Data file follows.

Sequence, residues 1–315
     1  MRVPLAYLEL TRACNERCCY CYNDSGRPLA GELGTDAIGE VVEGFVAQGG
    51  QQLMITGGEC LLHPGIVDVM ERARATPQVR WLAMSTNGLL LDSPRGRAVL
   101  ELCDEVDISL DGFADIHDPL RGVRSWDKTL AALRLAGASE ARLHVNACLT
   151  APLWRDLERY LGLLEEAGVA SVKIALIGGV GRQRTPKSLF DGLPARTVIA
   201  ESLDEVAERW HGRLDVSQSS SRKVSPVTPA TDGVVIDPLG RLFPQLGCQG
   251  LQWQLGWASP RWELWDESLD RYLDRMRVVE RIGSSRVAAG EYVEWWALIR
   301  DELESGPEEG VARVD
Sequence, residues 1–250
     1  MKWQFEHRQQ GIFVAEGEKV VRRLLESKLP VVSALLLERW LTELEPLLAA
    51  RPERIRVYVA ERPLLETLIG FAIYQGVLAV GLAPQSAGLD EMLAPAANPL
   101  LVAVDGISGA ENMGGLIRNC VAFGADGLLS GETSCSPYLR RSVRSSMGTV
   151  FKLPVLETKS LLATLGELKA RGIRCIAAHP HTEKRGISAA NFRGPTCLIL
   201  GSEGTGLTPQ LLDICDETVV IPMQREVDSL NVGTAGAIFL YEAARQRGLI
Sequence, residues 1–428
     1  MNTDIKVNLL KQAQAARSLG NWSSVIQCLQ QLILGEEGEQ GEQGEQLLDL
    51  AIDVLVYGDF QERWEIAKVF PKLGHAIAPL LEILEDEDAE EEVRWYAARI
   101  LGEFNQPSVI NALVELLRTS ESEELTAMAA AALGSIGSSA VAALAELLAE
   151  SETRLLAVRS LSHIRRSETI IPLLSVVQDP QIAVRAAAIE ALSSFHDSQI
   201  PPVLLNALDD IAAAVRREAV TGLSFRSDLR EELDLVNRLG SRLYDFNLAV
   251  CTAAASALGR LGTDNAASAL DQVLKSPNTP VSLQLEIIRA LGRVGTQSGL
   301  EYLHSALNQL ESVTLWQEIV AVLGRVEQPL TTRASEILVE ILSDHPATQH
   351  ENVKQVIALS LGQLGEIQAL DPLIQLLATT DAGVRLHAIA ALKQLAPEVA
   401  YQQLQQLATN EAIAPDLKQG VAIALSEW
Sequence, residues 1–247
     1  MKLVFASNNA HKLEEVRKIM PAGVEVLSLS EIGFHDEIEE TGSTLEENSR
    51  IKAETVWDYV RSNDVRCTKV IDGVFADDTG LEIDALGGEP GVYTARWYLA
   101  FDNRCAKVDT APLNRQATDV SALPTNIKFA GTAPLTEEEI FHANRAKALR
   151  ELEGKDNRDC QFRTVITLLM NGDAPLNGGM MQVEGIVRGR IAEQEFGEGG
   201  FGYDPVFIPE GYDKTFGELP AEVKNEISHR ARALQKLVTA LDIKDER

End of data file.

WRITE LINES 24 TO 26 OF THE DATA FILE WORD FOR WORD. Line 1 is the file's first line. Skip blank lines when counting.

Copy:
   401  YQQLQQLATN EAIAPDLKQG VAIALSEW
Sequence, residues 1–247
     1  MKLVFASNNA HKLEEVRKIM PAGVEVLSLS EIGFHDEIEE TGSTLEENSR